In a video on the auction house’s website, Artcurial’s comic book specialist Eric Leroy explains that the work was ultimately refused as a cover image by the publisher Louis Casterman because it would have been too expensive to print in color using the four-color process. Hergé made a simpler version of the piece for the cover instead and gave the original version to Casterman’s seven-year-old son, Jean-Paul Casterman, one of the work’s consignors. It’s not the first time that Artcurial has set a record for Hergé’s work: the auction house holds eight of the top 10 auction prices for the artist, and its 2014 sale of a page of Tintin drawings for $3.6 million held the previous record for a work of comic book art.
In a statement released after the record sale of The Blue Lotus cover artwork, Leroy said: “Thanks to its unique characteristics, this masterpiece of the ninth art deserves this world record and confirms the excellent health of the comic strip market.”
“Black infants in America are now more than twice as likely to die as white infants—11.3 per 1,000 black babies, compared with 4.9 per 1,000 white babies, according to the most recent government data—a racial disparity that is actually wider than in 1850, 15 years before the end of slavery, when most black women were…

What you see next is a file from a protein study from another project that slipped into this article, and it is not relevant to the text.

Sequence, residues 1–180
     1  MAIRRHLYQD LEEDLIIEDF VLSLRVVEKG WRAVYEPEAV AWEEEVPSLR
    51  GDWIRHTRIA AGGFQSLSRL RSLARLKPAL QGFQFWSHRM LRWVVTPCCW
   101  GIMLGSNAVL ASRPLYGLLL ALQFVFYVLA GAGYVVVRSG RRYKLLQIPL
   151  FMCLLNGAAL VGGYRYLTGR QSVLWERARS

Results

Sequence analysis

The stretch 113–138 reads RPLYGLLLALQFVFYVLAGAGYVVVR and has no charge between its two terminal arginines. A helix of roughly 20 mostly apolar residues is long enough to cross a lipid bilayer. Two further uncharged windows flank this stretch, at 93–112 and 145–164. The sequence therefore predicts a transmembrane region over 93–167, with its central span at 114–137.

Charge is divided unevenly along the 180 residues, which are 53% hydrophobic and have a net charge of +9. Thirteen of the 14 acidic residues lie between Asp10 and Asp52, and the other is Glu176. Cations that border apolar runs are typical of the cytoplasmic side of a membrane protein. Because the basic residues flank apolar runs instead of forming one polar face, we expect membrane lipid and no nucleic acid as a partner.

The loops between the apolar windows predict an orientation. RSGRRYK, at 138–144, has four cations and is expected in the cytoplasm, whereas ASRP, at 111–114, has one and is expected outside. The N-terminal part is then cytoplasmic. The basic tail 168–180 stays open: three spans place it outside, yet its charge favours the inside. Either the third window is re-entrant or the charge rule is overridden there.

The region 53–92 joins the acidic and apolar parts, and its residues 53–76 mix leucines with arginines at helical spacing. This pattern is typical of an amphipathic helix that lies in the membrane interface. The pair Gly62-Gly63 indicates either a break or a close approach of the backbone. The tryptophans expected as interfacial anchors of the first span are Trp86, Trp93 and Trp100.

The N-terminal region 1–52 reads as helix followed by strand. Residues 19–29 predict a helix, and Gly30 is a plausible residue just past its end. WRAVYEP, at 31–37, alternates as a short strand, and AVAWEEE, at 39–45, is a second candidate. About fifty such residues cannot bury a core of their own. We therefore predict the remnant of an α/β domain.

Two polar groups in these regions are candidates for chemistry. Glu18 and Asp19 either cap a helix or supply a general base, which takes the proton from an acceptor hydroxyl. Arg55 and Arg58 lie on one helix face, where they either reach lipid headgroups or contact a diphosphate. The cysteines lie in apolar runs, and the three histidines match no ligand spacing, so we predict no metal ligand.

In 1850, when Dr. Robert W. Gibbes commissioned J. T. Zealy to make daguerreotypes of persons held in slavery in and around Columbia, South Carolina, for Harvard Professor Louis Agassiz to use in support of his theory that African people were a separate species, daguerreotypes were at the height of fashion.
The show, which honors the 50th anniversary of an exhibition history once ignored, continues a series of projects documenting Wilmington’s contemporary art scene.
he ownership of images has a long and nuanced legal history, which has evolved dramatically in recent years as cultural standards and photographic technologies have rapidly advanced
Renty and his daughter Delia. Renty was an enslaved African, kidnapped from the Congo, sold and forced into slave labor on the South Carolina plantation of B.F. Taylor
Two K-12 art teachers will each receive a $1,000 cash gift and an additional $500 to put toward classroom art supplies. Nominations are due October 31.
As a scholar of African American history and photography whose work has focused on the status of violent images in museums and archives, I fully support the validity of Ms. Tamara Lanier’s claim and the amicus brief.
The daguerreotypes of Renty Taylor, Delia, Drana, Alfred, Jack, George Fassena, and Jem remained in an unused storage cabinet until 1975, when it was discovered by an employee of the Peabody Museum.
I am writing in support of the amicus curiae brief submitted by Professor Ariella Aïsha Azoulay of Brown University for the full restitution of the daguerreotypes of Renty Taylor and his daughter Delia, currently held by Harvard University, to their familial descendant, Tamara Lanier.